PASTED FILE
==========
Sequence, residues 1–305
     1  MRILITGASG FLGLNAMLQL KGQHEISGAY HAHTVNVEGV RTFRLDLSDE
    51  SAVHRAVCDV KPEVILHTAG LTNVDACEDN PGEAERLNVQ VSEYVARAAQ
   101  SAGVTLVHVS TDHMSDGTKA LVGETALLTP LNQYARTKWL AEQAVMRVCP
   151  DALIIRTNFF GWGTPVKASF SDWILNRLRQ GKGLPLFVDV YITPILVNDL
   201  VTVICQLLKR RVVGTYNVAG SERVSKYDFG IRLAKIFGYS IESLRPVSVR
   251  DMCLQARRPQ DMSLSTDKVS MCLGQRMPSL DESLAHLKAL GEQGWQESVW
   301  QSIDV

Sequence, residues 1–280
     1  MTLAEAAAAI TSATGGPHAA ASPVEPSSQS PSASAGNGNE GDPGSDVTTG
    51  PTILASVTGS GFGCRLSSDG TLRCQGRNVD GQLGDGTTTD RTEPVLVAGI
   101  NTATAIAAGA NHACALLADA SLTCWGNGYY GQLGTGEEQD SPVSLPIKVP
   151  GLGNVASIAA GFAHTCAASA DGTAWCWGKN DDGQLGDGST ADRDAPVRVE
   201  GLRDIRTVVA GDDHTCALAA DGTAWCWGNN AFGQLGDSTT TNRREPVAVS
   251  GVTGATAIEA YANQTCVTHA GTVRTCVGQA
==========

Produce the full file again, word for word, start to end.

Sequence, residues 1–305
     1  MRILITGASG FLGLNAMLQL KGQHEISGAY HAHTVNVEGV RTFRLDLSDE
    51  SAVHRAVCDV KPEVILHTAG LTNVDACEDN PGEAERLNVQ VSEYVARAAQ
   101  SAGVTLVHVS TDHMSDGTKA LVGETALLTP LNQYARTKWL AEQAVMRVCP
   151  DALIIRTNFF GWGTPVKASF SDWILNRLRQ GKGLPLFVDV YITPILVNDL
   201  VTVICQLLKR RVVGTYNVAG SERVSKYDFG IRLAKIFGYS IESLRPVSVR
   251  DMCLQARRPQ DMSLSTDKVS MCLGQRMPSL DESLAHLKAL GEQGWQESVW
   301  QSIDV

Sequence, residues 1–280
     1  MTLAEAAAAI TSATGGPHAA ASPVEPSSQS PSASAGNGNE GDPGSDVTTG
    51  PTILASVTGS GFGCRLSSDG TLRCQGRNVD GQLGDGTTTD RTEPVLVAGI
   101  NTATAIAAGA NHACALLADA SLTCWGNGYY GQLGTGEEQD SPVSLPIKVP
   151  GLGNVASIAA GFAHTCAASA DGTAWCWGKN DDGQLGDGST ADRDAPVRVE
   201  GLRDIRTVVA GDDHTCALAA DGTAWCWGNN AFGQLGDSTT TNRREPVAVS
   251  GVTGATAIEA YANQTCVTHA GTVRTCVGQA